"Comment is Free" publishes a commendably extensive range of opinions, including occasional comments from me. But sometimes you read something there that you can immediately recognise as an orthodoxy of the medium, or at least of the forum.
Such a moment came to me a few minutes ago when I read this piece by a Danish journalist, Jakob Illeborg, entitled "Denmark loses tolerance". In order to demonstrate Denmark's increasing intolerance, Illeborg cites - so help me - the murderous attack this week on the Danish embassy in Islamabad:
Monday's attack, is of course, indefensible, but it raises questions about the wisdom of the much-debated cartoons and Danish reactions to Muslim wrath. Not because anything about any cartoon - no matter how provocative - justifies such acts of violence, but because the cartoons ended up playing into the hands of extremists who could utilise it to "prove" how badly the west behaves towards Muslims.
Illeborg is, in short, an "indefensible butter". To coin his own cliché: he plays into the hands of those of us who deplore a certain type of progressive's abnegation of liberal principle, by completely confirming the point we're making.
I once - just once - criticised Richard Dawkins in print for being soft on religion. I thought he was in error to attack the notion that religions are uniquely deserving of respect. I don't believe any principle is intrinsically worthy of respect, and cited the Danish cartoons as an example:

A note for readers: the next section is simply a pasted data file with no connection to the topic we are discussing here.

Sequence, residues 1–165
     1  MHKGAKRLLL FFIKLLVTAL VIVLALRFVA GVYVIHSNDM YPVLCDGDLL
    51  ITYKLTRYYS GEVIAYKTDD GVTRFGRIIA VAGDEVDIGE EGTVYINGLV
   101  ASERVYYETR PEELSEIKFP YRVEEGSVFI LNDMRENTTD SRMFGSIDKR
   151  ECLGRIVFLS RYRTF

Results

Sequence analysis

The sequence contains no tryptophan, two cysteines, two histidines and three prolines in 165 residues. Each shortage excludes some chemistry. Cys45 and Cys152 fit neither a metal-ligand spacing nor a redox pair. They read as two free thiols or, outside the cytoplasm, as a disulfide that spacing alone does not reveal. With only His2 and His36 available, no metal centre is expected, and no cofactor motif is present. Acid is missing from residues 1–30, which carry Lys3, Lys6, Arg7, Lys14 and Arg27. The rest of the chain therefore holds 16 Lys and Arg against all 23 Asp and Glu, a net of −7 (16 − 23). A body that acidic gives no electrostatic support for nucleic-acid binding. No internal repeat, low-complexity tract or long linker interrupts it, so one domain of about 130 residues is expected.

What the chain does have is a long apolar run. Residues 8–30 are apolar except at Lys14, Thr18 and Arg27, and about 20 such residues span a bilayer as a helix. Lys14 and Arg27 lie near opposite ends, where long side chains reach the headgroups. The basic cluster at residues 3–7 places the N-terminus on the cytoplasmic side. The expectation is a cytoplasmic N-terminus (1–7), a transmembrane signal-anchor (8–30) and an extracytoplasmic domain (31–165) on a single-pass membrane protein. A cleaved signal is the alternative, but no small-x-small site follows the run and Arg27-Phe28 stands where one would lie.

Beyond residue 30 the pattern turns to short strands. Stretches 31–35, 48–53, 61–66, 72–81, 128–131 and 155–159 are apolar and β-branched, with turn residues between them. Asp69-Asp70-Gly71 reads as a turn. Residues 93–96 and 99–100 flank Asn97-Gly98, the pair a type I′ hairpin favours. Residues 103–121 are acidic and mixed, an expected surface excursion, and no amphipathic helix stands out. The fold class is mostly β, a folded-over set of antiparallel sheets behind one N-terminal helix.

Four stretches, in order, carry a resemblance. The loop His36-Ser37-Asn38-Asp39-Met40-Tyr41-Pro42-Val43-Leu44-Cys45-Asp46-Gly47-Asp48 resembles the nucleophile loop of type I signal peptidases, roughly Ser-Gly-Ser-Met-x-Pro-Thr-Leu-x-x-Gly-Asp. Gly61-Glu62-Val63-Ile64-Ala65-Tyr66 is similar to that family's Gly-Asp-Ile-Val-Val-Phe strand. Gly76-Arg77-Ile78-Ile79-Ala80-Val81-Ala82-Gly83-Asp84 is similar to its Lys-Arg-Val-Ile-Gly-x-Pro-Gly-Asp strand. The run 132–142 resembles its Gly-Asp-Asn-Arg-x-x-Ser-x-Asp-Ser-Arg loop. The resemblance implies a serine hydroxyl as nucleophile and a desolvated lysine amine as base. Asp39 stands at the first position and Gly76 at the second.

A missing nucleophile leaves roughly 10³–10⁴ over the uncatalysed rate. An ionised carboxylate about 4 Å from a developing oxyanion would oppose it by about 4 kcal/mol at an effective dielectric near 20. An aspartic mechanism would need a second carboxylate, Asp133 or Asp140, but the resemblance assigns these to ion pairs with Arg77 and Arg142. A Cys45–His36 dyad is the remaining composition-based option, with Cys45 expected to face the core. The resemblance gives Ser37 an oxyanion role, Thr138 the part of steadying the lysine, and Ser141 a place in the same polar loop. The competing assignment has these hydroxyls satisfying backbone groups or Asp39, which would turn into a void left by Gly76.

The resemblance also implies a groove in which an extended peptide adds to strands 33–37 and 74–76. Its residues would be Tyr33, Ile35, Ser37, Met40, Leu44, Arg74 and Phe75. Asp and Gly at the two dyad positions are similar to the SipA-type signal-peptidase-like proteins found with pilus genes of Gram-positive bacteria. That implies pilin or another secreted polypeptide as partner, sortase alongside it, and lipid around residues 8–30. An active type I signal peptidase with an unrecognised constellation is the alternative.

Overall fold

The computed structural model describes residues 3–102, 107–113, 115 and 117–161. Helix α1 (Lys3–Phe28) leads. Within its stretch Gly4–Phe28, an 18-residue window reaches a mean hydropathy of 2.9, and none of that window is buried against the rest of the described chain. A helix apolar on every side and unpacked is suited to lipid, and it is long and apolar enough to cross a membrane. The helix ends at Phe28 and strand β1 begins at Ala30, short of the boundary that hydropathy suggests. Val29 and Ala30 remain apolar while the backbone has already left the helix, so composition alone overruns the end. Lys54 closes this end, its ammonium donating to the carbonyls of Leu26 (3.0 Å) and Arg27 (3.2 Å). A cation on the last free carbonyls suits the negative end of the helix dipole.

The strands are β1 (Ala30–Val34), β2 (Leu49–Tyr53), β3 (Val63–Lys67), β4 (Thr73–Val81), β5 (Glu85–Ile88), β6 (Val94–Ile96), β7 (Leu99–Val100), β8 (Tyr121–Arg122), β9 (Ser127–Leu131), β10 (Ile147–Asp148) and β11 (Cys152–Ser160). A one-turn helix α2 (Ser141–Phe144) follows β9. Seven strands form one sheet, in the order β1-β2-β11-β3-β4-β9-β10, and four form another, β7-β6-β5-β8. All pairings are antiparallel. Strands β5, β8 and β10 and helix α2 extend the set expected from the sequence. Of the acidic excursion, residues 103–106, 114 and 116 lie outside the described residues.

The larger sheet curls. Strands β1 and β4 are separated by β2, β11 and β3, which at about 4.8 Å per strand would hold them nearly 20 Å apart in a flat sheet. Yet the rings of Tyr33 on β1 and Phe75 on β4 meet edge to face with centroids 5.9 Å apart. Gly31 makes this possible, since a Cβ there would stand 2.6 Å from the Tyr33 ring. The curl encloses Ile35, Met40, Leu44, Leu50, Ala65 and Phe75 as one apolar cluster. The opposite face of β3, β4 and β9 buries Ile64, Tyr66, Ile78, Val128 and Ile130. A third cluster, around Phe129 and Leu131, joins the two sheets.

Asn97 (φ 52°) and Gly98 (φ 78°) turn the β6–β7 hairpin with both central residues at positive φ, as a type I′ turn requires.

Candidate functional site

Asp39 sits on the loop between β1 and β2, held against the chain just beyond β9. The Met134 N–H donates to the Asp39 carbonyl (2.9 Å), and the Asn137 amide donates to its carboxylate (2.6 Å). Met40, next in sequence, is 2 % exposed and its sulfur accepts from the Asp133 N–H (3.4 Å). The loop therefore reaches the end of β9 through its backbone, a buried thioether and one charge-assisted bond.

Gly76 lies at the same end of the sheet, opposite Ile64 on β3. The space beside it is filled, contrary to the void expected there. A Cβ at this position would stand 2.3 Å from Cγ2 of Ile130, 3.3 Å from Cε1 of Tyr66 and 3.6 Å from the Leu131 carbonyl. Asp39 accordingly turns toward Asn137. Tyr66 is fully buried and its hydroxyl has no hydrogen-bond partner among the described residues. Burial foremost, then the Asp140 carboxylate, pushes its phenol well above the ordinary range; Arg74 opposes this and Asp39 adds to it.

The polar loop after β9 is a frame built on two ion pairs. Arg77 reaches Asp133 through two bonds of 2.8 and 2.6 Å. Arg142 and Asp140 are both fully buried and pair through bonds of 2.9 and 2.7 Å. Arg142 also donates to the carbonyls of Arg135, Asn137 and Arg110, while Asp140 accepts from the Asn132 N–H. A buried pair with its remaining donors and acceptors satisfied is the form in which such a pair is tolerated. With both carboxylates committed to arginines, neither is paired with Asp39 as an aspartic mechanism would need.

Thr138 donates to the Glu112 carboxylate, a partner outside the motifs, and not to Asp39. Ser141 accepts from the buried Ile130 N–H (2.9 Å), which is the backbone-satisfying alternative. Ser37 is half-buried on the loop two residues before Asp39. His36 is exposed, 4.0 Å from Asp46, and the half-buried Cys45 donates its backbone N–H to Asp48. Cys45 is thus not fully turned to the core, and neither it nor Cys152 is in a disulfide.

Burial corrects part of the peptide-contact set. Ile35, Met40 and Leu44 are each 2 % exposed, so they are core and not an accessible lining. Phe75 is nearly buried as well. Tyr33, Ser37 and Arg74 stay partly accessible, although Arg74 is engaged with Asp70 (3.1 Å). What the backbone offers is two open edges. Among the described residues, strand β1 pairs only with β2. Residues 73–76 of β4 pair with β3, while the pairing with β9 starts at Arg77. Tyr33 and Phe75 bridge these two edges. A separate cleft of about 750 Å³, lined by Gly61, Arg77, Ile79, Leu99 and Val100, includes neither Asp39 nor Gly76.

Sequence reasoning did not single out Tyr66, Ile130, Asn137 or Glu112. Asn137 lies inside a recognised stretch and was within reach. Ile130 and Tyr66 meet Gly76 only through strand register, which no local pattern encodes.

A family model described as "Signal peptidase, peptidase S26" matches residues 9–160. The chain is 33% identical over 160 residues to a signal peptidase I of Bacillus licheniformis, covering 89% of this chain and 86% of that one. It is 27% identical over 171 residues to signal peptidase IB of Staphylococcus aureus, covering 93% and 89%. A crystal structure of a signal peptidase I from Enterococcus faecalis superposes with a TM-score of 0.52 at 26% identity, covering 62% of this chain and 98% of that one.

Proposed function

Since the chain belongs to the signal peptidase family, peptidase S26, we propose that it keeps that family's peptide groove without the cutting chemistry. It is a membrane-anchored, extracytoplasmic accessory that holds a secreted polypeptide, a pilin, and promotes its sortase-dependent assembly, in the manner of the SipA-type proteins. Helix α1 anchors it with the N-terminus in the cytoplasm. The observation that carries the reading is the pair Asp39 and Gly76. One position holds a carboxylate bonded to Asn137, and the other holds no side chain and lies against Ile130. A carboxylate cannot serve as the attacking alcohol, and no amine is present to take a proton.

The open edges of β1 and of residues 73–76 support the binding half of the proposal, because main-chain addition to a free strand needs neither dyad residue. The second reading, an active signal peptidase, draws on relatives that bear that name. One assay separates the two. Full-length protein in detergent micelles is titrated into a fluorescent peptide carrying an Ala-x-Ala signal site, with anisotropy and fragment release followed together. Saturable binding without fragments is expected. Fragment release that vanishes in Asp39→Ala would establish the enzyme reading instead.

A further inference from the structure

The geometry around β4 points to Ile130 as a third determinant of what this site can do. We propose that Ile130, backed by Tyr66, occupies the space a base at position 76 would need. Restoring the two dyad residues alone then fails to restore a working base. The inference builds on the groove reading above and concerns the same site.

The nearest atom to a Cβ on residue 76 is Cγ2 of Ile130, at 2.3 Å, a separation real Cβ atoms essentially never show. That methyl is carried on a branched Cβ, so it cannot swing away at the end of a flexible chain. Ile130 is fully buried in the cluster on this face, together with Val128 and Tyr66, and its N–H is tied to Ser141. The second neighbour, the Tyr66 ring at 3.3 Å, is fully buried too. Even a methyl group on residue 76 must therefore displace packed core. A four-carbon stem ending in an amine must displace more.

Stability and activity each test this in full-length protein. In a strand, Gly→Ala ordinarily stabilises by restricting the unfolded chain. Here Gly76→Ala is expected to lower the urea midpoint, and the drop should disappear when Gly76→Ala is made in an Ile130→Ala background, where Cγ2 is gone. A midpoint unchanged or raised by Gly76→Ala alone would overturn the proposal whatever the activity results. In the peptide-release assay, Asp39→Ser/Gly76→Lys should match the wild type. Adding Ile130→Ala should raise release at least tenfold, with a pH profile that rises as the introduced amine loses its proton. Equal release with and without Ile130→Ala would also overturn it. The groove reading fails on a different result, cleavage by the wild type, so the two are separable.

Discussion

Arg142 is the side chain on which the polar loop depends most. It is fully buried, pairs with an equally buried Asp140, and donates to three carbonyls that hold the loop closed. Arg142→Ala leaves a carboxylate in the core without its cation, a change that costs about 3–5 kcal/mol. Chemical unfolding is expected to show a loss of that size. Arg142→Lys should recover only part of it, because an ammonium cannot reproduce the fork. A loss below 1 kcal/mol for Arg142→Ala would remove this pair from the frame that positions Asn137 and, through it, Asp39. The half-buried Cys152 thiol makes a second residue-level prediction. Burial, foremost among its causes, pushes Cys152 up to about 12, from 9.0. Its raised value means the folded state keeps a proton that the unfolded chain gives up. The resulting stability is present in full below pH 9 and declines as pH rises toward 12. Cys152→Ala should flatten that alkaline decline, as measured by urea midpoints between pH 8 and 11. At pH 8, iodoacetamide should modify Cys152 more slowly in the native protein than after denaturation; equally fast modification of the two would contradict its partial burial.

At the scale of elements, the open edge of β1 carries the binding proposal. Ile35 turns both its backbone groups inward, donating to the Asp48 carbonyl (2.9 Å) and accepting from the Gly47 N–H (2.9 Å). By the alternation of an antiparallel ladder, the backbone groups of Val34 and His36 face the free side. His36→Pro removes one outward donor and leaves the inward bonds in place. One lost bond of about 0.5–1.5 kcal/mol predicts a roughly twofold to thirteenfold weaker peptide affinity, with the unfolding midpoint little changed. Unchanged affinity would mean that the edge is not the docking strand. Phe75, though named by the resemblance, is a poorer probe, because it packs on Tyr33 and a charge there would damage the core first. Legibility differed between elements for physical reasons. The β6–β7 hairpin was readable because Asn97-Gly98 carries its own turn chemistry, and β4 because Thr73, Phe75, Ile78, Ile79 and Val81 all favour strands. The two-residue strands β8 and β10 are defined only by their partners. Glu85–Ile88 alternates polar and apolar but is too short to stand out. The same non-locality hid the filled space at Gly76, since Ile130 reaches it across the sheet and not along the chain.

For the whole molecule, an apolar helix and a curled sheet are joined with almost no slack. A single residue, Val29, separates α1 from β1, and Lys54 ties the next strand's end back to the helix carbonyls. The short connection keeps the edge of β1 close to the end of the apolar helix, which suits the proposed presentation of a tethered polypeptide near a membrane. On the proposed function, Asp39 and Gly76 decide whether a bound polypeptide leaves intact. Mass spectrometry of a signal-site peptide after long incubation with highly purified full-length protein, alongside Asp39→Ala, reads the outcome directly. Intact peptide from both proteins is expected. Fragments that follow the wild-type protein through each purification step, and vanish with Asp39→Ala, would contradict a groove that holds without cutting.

Referring to the controversy about the Danish cartoons of the Prophet, Dawkins rejects the notion that religious sensibilities are uniquely entitled to respect. He thereby uncharacteristically understates. In a recent Channel 4 debate about Muslims and free speech, one of the Danish imams who had sparked the protests stated that he was entitled to respect. In a free society he is entitled to no such thing, but only to religious and political liberty. Whether he enjoys respect as well is up to him.
Illeborg's excited conclusion that "we [Danes] ought to have known better" illustrates a fundamental divide in liberal societies. There are those who believe that people's deepest feelings and beliefs should be accorded respect, and those who consider that people's deepest beliefs are fair game for hostile and derisive criticism. I am of the second camp.
Denmark, incidentally, is one of two continental European countries (the other being Germany) where I feel almost more at home than I am in the UK, and whose political culture I admire as much as any nation's. Denmark's prime minister, Anders Fogh Rasmussen, is incidentally the closest thing to a Blairite political leader anywhere (including his unwavering support for the intervention in Iraq). His party is called Venstre (literally "Left"), and it is - bizarrely enough - the sister party of our own Liberal Democrats. Well done to the Lib Dems for involuntarily allying with such a sound influence on international affairs.